Other favorites for the Decatur family of four include going to the Starlight Drive-In Theatre, Ponce City Market and Stone Mountain Park. “How can you explain to people that there is a giant granite mountain that you can hike or take the skyrocket to the top?” she asks.

Marietta resident Loretta Rieman and her family wander a little further afield, regularly renting a boat at Lake Altoona near Cartersville or riding horses at Barnsley Gardens in Adairsville. Family activities changed as her now-teenage kids grew up but favorites included trips to the Chattahoochee Nature Center in Roswell, Cartersville’s Tellus Science Museum and hikes on Kennesaw Mountain National Battlefield Park.

“When the kids were little we went to the puppet shows [at the Center for Puppetry Arts], the Wren’s Nest, the World of Coca-Cola and [Zoo Atlanta]. We always would go to the Broadway shows at the Fox” Theatre, she said.

How green is the Atlanta Botanical Garden in summer? Very! Courtesy of Erica George Dines

Credit: Erica George Dines

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Credit: Erica George Dines

Shelby Salisbury, a therapist with Peachtree Comprehensive Health, enjoys the “classic” sites. “I love to do the super-touristy things like going to the Georgia Aquarium. It never gets old. The [Atlanta] Botanical Garden is so much fun, and it’s a good place to meet people. I see the ‘Nutcracker’ every Christmas.”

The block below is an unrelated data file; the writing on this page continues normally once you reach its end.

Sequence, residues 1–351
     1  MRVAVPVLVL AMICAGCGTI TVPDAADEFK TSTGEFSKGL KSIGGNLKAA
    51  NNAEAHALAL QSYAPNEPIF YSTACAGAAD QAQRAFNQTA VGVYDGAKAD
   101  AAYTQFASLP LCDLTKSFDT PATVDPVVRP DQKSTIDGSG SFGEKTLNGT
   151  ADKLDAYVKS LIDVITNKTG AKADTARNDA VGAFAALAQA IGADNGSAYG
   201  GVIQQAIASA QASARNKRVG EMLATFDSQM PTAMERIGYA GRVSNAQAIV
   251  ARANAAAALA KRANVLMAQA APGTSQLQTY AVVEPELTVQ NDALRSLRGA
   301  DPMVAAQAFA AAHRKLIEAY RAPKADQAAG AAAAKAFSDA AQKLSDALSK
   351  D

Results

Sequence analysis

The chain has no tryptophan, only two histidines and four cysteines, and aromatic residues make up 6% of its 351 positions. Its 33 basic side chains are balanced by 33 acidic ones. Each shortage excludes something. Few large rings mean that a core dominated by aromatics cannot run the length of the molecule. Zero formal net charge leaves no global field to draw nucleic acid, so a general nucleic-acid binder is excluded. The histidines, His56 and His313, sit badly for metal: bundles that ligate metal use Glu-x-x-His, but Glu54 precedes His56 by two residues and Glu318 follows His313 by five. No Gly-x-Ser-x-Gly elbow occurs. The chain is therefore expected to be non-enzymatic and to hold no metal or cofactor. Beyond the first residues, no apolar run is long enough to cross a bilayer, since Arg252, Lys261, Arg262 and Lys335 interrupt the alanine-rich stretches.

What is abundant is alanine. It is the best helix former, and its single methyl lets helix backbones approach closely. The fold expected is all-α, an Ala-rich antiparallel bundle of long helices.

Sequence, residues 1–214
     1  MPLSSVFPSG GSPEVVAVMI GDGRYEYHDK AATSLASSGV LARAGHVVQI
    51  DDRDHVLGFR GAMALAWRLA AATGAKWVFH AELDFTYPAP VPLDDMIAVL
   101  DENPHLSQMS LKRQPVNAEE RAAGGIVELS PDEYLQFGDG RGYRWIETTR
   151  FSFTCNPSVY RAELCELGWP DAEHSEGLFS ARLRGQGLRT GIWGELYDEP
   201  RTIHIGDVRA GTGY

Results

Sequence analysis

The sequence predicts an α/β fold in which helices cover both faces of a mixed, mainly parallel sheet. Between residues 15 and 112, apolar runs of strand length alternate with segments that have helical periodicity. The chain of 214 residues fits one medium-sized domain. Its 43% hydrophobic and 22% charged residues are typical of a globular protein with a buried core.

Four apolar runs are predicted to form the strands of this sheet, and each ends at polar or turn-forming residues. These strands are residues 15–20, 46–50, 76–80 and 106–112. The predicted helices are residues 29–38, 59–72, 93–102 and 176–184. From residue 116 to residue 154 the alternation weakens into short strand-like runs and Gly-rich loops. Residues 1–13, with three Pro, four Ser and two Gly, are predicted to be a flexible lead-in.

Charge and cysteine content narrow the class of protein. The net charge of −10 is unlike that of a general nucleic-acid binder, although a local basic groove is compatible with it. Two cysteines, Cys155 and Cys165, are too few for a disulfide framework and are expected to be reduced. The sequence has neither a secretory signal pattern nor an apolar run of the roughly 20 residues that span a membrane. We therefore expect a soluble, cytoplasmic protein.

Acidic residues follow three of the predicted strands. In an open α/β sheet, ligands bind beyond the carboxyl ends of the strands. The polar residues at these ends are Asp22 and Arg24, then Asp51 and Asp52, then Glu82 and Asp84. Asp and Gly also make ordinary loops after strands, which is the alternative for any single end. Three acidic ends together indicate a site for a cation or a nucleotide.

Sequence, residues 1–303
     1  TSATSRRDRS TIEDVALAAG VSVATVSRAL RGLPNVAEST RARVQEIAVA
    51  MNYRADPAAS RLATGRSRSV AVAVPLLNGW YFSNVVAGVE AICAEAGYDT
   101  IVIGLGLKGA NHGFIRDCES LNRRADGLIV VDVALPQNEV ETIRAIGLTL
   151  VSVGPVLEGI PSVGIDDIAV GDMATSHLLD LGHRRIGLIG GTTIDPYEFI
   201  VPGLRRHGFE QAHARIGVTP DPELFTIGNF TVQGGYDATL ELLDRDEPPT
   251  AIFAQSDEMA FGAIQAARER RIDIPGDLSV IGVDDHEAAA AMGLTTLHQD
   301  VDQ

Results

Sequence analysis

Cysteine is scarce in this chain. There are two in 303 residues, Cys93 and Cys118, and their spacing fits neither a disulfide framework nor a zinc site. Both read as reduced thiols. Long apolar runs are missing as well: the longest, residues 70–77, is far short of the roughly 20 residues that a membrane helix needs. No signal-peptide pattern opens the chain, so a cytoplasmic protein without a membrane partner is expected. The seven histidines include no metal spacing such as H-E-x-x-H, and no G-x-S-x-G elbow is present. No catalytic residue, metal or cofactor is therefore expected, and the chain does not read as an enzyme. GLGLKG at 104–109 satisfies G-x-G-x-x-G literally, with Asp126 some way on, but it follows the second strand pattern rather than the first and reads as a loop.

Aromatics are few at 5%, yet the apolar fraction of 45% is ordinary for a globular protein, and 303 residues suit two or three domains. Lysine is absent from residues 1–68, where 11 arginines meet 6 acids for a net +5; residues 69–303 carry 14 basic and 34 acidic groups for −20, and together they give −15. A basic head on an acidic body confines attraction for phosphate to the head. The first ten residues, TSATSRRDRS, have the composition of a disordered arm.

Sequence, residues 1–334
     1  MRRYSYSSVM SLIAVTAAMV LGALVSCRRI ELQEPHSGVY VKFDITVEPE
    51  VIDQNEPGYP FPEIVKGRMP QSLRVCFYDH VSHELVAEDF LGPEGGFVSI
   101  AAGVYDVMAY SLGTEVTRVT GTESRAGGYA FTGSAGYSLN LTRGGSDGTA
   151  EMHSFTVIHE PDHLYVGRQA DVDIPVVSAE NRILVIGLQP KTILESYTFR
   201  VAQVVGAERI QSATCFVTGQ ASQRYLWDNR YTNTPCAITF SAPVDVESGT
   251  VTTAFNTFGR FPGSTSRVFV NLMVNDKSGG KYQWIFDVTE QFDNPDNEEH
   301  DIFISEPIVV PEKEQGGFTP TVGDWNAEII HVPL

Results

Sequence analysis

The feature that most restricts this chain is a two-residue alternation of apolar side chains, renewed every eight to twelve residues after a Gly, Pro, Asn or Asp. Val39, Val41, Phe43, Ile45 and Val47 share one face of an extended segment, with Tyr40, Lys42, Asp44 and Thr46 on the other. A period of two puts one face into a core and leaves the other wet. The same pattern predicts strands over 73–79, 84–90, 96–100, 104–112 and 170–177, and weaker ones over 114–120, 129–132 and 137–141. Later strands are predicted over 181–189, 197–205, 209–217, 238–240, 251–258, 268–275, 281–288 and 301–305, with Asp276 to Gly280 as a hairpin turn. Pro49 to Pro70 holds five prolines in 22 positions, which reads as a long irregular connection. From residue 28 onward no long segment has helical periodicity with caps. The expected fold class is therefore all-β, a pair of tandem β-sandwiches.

As for food, locals are missing something if they don’t explore the authentic and exotic flavors of mom and pop ethnic restaurants on Buford Highway as well as splurge occasionally on those that earned Michelin Guide stars — and hit some of the great choices in between.

Pho Dai Loi #2 is among the many ethnic eateries to explore along Buford Highway. The Vietnamese restaurant serves up pho dac biet and other comfort food. (Credit: Henri Hollis / henri.hollis@ajc.com)

Credit: Henri Hollis

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Credit: Henri Hollis

“The dining scene is one of the most underappreciated elements in the city,” said Pate of the Atlanta Convention & Visitors Bureau. “We have fantastic chefs doing really great stuff with a variety of cuisines, and they haven’t gotten the credit. We have a rich dining scene.”

Pano I. Karatassos had a front-row seat to watch the city’s culinary evolution and now is part of that “rich dining scene.” His father, Pano, cofounded the Buckhead Life Restaurant Group and, with the 1979 opening of Pano’s & Paul’s, is credited with elevating fine dining in the city.